Dr. Ahmed discusses the reception he received from Atlanta's Muslim community.

The diverse Muslim community in Atlanta reflects the spirit embodied by President Obama, that a new page of inclusiveness has been turned in American history, an Islamic scholar said during a recent GlobalAtlanta interview.

The Georgia capital was the 50th out of 60 cities Akbar Ahmed is visiting as part of his “Journey Into America,” a yearlong trip to study attitudes about Islam throughout the U.S.

He and a team of assistants are conducting research, interviews and films to assess how Muslims feel about their life in the U.S. and how America’s lofty ideals of pluralism and cultural acceptance are holding up in the post-9/11 era.

Dr. Ahmed, a former Pakistani ambassador to the United Kingdom, is on sabbatical from his position as Ibn Khaldun chair of Islamic Studies at American University.  The findings from his study will be compiled in a book and documentary film.

On his first trip to Atlanta, Dr. Ahmed said he found a global city living up to the billing that internationally known corporate symbols like CNN and Coca-Cola represent.

What impressed him most were not tall buildings or economic vitality, however.  It was the welcoming and diverse nature of the city’s Muslim community. 

About 40 Muslims from around the metro area gathered for a dinner welcoming the team, he said.

“I saw African-Americans, Bosnians, Turks, Pakistanis, Caucasians, women, men, young and old at that dinner,” he said.  “[They were] very warm, very welcoming, very keen to talk to us about Atlanta and show us around.”

The gathering and his subsequent research here underscored a notion that he said many in America don’t understand, that the Muslim world is not a monolithic ethnographic bloc.

Dr. Ahmed and his team were told that about 40 mosques exist in and around metro Atlanta and learned that about half of the Muslim community in the area is African-American.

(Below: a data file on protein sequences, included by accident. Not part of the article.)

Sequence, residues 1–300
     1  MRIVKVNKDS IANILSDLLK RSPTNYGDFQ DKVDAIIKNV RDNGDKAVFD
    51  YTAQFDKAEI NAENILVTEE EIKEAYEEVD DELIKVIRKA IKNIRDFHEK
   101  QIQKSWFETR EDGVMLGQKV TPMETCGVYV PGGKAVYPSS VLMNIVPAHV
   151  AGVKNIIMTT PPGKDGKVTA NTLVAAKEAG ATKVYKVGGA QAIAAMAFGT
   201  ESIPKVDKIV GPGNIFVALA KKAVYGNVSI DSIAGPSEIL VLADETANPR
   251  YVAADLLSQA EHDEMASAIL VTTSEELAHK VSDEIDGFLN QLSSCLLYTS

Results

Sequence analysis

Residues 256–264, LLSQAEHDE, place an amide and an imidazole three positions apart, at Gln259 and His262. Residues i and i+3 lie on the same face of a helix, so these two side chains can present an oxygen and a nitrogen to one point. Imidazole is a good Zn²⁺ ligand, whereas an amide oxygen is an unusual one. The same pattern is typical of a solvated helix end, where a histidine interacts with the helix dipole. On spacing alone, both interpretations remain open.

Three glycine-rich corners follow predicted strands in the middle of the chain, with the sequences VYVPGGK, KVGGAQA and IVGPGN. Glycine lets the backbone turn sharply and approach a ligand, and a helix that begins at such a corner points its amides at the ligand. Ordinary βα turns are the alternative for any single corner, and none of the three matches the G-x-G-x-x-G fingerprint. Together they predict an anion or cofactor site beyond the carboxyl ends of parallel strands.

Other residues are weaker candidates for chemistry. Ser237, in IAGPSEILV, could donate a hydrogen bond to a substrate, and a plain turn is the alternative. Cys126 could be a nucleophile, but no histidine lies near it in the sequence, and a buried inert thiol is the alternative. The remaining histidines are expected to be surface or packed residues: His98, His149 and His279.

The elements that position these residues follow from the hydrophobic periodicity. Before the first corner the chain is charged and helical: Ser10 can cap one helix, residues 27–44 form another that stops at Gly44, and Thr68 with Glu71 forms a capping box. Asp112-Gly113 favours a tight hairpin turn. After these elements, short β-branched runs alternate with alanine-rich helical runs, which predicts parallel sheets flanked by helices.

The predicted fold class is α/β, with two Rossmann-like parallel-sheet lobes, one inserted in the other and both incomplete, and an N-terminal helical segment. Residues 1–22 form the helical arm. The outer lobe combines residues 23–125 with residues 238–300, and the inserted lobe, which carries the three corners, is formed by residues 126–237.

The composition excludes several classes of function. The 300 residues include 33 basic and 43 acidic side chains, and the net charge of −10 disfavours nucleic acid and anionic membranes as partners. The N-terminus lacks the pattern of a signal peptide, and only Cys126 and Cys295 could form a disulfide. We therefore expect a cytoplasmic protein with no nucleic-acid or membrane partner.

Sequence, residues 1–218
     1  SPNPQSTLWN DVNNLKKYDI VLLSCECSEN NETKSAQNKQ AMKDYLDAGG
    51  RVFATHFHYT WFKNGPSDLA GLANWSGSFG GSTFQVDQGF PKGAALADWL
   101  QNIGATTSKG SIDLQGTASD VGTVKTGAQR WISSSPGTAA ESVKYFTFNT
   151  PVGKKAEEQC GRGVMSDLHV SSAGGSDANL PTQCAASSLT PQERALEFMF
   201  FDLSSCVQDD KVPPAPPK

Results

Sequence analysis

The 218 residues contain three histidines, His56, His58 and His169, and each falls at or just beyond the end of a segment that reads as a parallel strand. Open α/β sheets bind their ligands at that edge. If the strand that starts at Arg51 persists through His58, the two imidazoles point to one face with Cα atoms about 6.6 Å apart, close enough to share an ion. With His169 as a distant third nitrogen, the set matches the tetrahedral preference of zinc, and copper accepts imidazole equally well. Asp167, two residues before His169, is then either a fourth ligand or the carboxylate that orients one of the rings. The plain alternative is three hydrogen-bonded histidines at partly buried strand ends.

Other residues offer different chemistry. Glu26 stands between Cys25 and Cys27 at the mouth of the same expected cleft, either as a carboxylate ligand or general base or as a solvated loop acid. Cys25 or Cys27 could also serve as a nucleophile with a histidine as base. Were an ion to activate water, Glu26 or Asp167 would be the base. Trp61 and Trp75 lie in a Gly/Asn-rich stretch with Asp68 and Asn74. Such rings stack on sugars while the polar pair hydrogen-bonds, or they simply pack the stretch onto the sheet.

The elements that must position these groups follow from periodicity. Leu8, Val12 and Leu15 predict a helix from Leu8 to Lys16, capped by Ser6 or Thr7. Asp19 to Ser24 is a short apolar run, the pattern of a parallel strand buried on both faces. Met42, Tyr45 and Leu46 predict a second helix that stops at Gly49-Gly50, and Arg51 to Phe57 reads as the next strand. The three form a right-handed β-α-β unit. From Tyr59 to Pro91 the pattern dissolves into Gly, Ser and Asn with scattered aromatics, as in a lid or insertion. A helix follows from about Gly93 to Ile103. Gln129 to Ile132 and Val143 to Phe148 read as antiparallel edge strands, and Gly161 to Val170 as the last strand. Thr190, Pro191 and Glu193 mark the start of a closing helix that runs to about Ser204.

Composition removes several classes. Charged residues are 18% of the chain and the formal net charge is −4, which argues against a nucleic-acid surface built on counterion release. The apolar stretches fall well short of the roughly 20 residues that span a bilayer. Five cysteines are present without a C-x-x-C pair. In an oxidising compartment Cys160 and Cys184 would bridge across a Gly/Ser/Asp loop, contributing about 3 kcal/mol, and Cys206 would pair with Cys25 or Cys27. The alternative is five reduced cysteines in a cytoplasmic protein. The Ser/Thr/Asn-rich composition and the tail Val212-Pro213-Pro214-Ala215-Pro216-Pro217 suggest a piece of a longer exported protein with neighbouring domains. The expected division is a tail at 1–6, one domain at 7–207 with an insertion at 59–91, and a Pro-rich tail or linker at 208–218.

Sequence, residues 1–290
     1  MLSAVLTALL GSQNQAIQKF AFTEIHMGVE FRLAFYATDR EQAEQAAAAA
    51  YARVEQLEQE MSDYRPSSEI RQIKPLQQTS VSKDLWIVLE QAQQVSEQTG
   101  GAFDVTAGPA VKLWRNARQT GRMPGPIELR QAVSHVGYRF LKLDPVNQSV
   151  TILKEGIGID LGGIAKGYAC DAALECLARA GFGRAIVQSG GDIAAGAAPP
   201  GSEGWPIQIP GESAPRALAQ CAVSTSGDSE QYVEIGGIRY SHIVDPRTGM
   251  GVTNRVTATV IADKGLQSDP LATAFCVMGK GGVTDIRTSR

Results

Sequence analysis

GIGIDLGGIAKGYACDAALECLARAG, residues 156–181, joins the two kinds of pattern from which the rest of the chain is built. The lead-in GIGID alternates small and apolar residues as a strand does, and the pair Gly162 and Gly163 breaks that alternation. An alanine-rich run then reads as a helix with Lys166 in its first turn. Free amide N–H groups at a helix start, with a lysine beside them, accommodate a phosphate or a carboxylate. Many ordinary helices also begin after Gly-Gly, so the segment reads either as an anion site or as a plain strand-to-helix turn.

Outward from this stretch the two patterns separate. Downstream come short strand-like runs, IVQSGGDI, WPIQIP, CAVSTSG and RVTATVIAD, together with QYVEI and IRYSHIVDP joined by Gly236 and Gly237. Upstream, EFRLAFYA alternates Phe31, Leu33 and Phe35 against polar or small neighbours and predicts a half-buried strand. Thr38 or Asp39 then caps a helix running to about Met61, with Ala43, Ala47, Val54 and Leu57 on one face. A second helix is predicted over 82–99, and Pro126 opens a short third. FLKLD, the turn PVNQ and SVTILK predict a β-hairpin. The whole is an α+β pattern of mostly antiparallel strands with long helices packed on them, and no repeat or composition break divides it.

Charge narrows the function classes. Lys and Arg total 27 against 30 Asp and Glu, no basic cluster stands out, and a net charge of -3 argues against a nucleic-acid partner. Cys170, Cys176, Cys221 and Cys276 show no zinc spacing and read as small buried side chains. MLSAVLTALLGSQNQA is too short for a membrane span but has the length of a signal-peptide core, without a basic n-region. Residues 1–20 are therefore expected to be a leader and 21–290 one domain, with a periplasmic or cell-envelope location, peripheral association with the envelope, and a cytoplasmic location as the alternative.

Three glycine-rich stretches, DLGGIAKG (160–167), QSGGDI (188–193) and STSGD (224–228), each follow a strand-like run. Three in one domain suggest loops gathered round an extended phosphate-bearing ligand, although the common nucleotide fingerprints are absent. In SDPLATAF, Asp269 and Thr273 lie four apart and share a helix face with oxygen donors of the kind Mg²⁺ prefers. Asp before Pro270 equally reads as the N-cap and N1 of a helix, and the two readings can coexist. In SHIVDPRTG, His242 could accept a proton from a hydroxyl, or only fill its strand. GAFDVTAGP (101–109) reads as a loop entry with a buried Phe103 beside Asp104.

“Atlanta in that sense to me really offers hope of a vibrant, diverse United States of America which in a sense President Obama represents – the whole inauguration and the sense of joy and sense of festivity that a new page has been started in American history,” he said.

One of the team’s Georgia stops epitomizes this idea. 

Dr. Ahmed and his team spent inauguration day on Sapelo Island, a barrier island off the Georgia coast.  They interviewed a 10th-generation descendant of a Muslim who was taken from his West African homeland and brought to America on a slave ship.

“Here we are spending inauguration not in Washington D.C. where I come from but on a tiny island which you haven’t heard of … with a descendant of slaves when a man with a Muslim father is being sworn in as president,” Dr. Ahmed said.

But the idea of inclusiveness hasn’t necessarily translated into widespread understanding.  While Muslims often tell Dr. Ahmed that the U.S. is “the best place in the world for a Muslim to live,” they also experience isolation.

“There is a definite misunderstanding and distortion of Islam today in the United States of America” that has widened the gap between Muslims and non-Muslims since 9/11, Dr. Ahmed said.

Closing this gap is crucial to American interests.  A quarter of the world will be Muslim by mid-century, the U.S. has two wars in Muslim lands and more than half of the countries critical to U.S. foreign policy are Muslim states, he said.

“Don’t you think every American needs to understand Islam?” he asked.

Dr. Ahmed and his team are currently in Washington compiling data from their tour throughout the South. 

Among other destinations, their Atlanta trip included a visit to a Bosnian mosque located down a dirt road in Snellville, an Atlanta suburb.

Follow Dr. Ahmed and his team on their trip blog: www.journeyintoamerica.wordpress.com.

As managing editor of Global Atlanta, Trevor has spent 15+ years reporting on Atlanta’s ties with the world. An avid traveler, he has undertaken trips to 30+ countries to uncover stories on the perils...